(back) Subject: Re: Psalm 150:4 From: Roger Pariseau <firstname.lastname@example.org> Date: Thu, 25 Jun 1998 22:19:35 -0700 Kevin Cartwright wrote: > Shirley wrote: > > Kevin, not even in Psalm 150????? > Well, I'll be! My Bible Program spat out the following on a search on "organ": Ge 4:21 And his brother's name was Jubal: he was the father of all such as handle the harp and organ. Job 21:12 They take the timbrel and harp, and rejoice at the sound of the organ. Job 30:31 My harp also is turned to mourning, and my organ into the voice of them that weep. Ps 150:4 Praise him with the timbrel and dance: praise him with stringed instruments and organs. Hey, we could be in for a nice musicologist vs. bible scholar debate here! Genesis is right old, I'm led to understand. Then again, it could simply be the result of Middle Ages Monk-eying around but then I'd run afoul of the Fundamentalists. And anyhow those monks weren't usually so restrained. . . .(oops! da debbil made me do it!). Personally my guess is that "organ" refers to the flute-like instruments that have proliferated since Day One (or is that Day Six?). [I really should behave! 8-/ ] -- Roger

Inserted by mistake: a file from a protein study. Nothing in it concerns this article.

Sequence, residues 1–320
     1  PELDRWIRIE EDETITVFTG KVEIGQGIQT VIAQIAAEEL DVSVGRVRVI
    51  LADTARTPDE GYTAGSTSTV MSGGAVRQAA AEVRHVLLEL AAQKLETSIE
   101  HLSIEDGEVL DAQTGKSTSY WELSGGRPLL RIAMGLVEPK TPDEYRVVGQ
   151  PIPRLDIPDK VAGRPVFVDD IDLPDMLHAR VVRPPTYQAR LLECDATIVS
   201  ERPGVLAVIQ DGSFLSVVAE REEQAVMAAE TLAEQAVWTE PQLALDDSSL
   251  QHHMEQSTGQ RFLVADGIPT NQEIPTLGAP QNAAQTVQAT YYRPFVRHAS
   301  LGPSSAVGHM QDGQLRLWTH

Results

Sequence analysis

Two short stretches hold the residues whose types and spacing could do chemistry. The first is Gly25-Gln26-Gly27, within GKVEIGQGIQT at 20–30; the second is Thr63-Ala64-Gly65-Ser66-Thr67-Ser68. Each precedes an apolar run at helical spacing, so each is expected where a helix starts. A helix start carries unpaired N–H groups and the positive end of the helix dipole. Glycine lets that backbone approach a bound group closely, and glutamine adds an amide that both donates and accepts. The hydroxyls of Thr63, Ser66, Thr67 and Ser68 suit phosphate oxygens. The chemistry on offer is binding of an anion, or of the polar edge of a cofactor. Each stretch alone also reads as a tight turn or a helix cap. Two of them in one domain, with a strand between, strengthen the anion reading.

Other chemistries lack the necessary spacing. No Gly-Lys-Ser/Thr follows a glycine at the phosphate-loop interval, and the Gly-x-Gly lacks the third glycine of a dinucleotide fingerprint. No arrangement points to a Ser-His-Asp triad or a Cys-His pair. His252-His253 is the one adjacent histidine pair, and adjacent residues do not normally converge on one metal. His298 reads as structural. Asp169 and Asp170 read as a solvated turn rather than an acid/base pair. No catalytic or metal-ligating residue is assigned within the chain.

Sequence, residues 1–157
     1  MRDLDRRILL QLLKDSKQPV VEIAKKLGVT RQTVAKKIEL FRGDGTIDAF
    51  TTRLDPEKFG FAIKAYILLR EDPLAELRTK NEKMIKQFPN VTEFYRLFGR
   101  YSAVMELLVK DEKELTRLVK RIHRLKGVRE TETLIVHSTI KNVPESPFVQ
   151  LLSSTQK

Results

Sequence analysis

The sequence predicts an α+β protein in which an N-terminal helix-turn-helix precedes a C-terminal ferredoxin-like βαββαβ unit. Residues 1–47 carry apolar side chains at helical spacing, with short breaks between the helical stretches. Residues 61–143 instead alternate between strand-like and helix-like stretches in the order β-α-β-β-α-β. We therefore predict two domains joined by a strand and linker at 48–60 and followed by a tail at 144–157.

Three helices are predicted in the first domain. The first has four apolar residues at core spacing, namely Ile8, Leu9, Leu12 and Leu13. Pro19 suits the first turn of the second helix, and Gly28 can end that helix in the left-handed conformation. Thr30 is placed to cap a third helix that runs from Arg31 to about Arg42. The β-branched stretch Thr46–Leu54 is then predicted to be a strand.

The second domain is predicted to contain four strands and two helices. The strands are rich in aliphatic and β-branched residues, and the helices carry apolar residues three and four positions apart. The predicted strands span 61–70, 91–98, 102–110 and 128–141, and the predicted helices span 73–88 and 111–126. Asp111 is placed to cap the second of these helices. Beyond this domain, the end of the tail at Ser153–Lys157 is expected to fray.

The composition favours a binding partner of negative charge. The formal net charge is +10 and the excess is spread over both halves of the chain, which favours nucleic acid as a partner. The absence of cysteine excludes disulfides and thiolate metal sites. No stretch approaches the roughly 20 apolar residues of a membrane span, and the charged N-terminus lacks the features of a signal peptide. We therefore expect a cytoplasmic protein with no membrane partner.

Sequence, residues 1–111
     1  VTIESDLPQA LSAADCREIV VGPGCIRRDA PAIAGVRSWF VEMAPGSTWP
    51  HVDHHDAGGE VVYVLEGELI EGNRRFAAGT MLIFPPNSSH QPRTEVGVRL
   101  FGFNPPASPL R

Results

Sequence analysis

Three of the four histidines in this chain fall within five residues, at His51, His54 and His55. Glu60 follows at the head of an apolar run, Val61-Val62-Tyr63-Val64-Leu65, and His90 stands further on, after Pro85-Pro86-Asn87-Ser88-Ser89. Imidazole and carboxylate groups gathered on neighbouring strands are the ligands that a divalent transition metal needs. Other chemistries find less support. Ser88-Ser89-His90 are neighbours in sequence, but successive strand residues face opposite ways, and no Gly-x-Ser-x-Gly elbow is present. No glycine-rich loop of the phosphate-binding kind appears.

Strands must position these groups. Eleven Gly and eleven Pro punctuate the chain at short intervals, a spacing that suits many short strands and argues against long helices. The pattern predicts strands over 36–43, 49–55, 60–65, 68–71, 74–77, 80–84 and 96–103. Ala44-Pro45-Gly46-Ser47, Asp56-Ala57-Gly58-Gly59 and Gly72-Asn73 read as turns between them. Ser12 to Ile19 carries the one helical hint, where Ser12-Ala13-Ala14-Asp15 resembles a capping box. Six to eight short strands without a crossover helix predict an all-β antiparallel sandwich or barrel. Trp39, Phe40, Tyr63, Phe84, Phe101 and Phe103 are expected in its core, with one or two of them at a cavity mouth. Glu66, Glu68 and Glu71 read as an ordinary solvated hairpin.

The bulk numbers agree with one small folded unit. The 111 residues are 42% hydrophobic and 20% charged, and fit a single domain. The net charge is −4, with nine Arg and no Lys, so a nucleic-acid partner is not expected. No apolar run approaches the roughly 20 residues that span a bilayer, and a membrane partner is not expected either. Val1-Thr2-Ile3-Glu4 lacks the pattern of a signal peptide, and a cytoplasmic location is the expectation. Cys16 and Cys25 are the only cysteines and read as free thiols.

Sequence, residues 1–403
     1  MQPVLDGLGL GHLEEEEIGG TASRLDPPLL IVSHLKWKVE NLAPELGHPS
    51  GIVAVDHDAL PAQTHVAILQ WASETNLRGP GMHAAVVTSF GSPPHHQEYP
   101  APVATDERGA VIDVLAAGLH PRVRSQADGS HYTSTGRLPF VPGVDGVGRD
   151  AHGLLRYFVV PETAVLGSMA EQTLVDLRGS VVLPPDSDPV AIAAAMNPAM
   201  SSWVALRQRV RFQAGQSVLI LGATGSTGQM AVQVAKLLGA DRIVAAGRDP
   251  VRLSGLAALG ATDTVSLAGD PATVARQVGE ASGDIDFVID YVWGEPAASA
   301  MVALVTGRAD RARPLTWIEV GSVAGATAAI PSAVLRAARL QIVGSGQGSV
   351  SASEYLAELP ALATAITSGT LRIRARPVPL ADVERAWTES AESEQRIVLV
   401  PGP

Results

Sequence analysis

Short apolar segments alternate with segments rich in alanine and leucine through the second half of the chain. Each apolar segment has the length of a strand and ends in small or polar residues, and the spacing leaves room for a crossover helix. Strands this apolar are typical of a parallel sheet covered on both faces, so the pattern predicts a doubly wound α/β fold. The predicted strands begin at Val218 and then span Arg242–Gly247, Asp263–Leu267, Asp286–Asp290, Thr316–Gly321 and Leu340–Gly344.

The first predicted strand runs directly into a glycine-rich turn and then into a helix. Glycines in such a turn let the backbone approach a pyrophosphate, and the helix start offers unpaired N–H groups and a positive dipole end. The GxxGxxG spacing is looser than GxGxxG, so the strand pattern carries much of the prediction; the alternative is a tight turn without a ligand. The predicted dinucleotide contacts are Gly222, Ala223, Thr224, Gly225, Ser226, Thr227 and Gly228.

(back) Subject: Re: Webster's New World [was Psalm 150:4] From: Stanley Lowkis <nstarfil@MediaOne.net> Date: Fri, 26 Jun 1998 01:25:24 -0400 email@example.com wrote: > > Kevin Cartwright wrote: > > > Timbrel: yes (i.e. Vox Humana, some upper Tibias sound "creepily" like > > it too) > > Timbrels are, if memory serves me, drums. What did you think they were? > "timbrel - an ancient type of tambourine" > The "organ" mentioned in 150:4 was probably something like a set of > panpipes. No keyboards, no stops, no windway or reservoir (except that > within the body of the player). > "organ - [Archaic] any musical instrument; esp., a wind instrument" Ken goes to the head of the class. For extra credit: who knows what a "hydraulis" is? Stan "The Organ Question Man"